Intraallelic interaction, therefore, occurs in the monohybrid which has a single gene pair, or is presumed in a multi-hybrid in which gene pairs are treated separately with the assumption that interlock gene to gene interaction does not exist even if it does.

This is consistent with Mendel’s Law of Independent Assortment which provides that each gene pair acts independently of other gene pairs. 

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Some Commonly Used Terms in Genetics: Review

Familiarization with the common terms in genetics is important in understanding the Mendelian laws or principles, and the role of genetic factors in plant growth and development.

Mendel’s parental “factor” is now referred to by the common term gene.

Gene is probably the most commonly used term in genetics and so deserves more elaboration.

The genes consist of deoxyribonucleic acid or DNA, so-called the chemical basis of heredity.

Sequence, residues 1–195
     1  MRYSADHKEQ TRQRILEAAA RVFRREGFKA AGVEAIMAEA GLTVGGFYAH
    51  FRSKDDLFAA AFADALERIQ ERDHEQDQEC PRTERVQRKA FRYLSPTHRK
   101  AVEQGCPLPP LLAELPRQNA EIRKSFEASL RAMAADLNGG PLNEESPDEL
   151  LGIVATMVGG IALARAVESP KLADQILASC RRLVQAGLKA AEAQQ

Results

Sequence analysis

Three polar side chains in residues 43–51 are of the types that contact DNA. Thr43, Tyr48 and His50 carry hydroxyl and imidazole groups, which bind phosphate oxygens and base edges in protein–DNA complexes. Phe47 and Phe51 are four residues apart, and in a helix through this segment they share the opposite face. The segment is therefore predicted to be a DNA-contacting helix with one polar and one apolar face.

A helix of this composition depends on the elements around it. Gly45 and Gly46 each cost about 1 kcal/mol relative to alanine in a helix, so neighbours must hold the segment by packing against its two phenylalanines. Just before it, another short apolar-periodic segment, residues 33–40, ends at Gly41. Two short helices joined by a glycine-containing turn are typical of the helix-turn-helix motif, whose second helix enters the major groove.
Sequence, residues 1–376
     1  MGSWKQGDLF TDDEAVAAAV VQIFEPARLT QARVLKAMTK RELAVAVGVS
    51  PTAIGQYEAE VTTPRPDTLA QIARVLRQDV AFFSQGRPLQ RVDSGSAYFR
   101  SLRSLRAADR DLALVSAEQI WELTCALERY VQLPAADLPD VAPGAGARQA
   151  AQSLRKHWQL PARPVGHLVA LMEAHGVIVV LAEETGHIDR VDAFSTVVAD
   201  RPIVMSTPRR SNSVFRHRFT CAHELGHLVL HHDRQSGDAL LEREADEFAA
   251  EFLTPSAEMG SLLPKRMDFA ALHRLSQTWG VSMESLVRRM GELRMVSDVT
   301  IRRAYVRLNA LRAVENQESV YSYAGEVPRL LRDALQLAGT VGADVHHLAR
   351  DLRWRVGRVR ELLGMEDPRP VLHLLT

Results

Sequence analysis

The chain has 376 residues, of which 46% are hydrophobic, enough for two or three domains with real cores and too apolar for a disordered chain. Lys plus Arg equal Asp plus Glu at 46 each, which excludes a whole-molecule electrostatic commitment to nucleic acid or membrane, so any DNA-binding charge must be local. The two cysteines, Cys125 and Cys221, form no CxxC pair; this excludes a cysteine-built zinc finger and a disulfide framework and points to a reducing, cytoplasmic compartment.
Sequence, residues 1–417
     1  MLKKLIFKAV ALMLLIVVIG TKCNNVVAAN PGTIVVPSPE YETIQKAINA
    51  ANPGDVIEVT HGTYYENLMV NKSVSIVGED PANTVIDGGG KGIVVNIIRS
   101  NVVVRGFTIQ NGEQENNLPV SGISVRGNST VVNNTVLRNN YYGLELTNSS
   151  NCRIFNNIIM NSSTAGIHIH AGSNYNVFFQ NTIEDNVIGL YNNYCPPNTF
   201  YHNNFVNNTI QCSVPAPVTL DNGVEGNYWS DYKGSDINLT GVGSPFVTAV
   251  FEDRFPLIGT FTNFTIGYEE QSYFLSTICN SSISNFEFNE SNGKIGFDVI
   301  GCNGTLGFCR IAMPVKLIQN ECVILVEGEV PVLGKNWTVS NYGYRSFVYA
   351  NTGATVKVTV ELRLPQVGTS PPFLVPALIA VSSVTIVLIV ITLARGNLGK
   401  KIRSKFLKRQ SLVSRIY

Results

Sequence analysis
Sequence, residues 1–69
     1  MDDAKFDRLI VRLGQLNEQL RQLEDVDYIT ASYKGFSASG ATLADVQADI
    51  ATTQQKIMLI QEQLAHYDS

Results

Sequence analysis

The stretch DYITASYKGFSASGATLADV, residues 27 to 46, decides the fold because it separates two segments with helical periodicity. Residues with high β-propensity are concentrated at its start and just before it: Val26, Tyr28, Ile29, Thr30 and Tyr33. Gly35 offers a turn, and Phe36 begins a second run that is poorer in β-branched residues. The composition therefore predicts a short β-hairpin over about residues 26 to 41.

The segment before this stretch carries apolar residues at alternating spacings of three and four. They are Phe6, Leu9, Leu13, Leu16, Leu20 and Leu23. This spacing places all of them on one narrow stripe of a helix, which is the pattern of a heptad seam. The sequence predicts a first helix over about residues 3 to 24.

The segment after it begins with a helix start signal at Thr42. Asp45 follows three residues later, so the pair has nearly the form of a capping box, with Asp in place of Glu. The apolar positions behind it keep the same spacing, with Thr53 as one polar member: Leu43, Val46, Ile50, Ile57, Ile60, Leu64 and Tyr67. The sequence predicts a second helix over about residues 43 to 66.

They are carried in the chromosomes, the physical basis of heredity, within the cell.

The chromosomes are those that appear under magnification as coiled, contracted, threadlike bodies in the nucleus at a certain stage of cell division in diploid somatic cells.

In diploid organisms like humans the chromosomes, and the genes, normally occur in two forms: haploid or singly (1N) in the sexual cells or gametes, and diploid or in pair (2N) in the somatic cells.

Somatic cells refer to the body cells, meaning all cells to the exclusion of the sexual cells or gametes.

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Properties of Water: 1. Polarity and Hydrogen Bondinglist of Some Agricultural Crops and Animals With Their Diploid Chromosome Number

The chromosome number is one of the primary bases of hybridization in agricultural crops as well as in animals.

The diploid numbers of chromosomes are essentially constant within the same species.

It is an important topic of review in basic plant breeding.

Illustration of the physical structure of the chromosome
Illustration of the physical structure of the chromosome